Zoya Abou-Jaish is an Electrical Engineering student at the University of Ottawa. As a 4th-year student, Zoya had to choose one of the program’s five technical specializations: communications, systems, electronics, microwave and photonic, and power and sustainable energy. Zoya chose Systems Engineering and is looking forward to working in artificial intelligence, machine learning, or hardware design after graduation.
Zoya gave us a quick overview of the program and describes her journey so far.
Electrical Engineering offers a solid foundation in mathematics and physics. Students learn about electricity, circuit theory and electronics to design communication devices, power generators, solid-state circuits, microelectronic devices and computing devices. Fun fact: I started in Health Sciences at uOttawa before taking a semester break then switching to Civil Engineering and then Electrical Engineering. I’m currently in my fourth year, so most of my courses are geared towards systems engineering, my specialization. I’ve taken courses in robotics, control engineering, power systems engineering and in so many more interesting topics.
The simple answer is I really liked math in highschool and I wasn’t entirely sure of what I wanted to do at the time. I saw that engineering was very logical and mostly math and physics related, so I decided on Civil Engineering. Then during my first year, I learned more about the different fields of engineering and decided to switch into Electrical Engineering instead.
Engineering is a lot more work than most high school students anticipate, but it’s very manageable. In the first year, students start off with a heavy but simple workload. However, as students progress into upper years, the workload gets lighter but more complicated.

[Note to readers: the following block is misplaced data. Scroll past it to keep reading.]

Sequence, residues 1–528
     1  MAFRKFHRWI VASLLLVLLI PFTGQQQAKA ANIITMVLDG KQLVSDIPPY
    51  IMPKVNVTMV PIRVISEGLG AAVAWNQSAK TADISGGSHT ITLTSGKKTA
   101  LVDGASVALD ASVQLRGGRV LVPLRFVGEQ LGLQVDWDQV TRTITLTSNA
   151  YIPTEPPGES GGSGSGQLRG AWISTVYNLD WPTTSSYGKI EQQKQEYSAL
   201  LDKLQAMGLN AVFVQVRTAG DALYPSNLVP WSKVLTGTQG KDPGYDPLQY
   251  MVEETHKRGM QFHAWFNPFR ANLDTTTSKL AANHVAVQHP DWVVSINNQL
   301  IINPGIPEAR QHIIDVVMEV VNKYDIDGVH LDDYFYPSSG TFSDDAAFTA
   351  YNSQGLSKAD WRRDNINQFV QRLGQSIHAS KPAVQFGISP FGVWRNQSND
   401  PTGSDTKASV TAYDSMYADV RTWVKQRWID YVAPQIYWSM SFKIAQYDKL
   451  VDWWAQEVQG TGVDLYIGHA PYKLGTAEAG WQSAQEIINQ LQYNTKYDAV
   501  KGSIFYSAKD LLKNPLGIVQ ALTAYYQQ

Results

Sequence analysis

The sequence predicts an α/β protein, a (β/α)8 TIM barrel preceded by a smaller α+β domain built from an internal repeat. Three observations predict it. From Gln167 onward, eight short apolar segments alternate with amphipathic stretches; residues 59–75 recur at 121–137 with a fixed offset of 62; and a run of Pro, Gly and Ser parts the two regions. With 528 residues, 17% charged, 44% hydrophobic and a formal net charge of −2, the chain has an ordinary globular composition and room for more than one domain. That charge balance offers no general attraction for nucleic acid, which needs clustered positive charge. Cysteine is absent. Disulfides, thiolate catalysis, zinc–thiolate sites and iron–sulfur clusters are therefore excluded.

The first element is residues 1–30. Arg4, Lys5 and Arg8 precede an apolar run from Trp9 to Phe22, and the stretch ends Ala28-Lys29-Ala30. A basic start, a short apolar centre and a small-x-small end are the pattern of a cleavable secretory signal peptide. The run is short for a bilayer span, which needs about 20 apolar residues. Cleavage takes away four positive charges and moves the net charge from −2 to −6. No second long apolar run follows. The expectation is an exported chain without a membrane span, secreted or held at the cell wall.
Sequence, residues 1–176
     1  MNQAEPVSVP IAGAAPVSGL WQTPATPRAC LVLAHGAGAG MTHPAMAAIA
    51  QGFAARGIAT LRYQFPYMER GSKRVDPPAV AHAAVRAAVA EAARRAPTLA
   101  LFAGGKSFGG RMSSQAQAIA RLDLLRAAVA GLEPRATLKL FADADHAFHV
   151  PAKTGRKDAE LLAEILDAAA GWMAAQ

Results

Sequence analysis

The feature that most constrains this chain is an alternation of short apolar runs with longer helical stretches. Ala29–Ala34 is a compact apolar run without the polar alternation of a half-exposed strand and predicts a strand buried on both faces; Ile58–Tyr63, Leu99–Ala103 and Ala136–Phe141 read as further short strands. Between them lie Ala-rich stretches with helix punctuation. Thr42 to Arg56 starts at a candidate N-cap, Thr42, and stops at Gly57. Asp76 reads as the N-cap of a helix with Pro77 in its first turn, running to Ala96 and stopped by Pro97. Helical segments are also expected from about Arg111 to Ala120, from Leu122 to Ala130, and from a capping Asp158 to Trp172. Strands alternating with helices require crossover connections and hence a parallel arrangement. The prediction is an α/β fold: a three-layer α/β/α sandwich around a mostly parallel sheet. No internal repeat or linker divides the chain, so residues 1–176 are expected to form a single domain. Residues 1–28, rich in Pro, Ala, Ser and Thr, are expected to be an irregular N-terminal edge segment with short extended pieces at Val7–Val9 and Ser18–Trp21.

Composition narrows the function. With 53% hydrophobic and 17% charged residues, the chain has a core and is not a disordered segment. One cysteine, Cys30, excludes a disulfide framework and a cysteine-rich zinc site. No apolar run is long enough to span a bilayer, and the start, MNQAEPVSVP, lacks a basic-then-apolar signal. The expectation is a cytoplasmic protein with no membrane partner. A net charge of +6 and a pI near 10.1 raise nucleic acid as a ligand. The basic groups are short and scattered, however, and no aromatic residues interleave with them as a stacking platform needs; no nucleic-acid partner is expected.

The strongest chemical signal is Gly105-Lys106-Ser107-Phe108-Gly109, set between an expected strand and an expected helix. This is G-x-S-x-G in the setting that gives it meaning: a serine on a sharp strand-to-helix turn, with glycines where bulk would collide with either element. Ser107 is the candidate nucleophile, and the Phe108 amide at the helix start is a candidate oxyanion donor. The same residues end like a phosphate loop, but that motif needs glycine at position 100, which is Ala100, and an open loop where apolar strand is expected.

Prerequisites and other high school requirements include:
These prerequisites and their averages depend entirely on which program you choose to apply to.
After I graduate, I’m hoping to gain some hands-on experience in the field of artificial intelligence, machine learning, and hardware design. I’m also looking into graduate studies in those fields.
I was coming from abroad and found that uOttawa was situated in the perfect city for me. It wasn’t too big or too small. I also found that uOttawa had amazing creative spaces that were available to all students but catered towards engineering students. They have the Makerspace with 3D printers and laser cutters, the Brunsfield Centre, with lathes and mills, and so much more.
I really enjoyed my design courses during my time at uOttawa. I especially liked that we worked with real life clients to solve their problems.
I would say if you’re interested in the engineering field and you really enjoy math, physics, and hands-on work then apply to the program that most interests you. Check the courses each program offers, and see if there’s something that really interests you in any of those programs. Find what you like and go for it.
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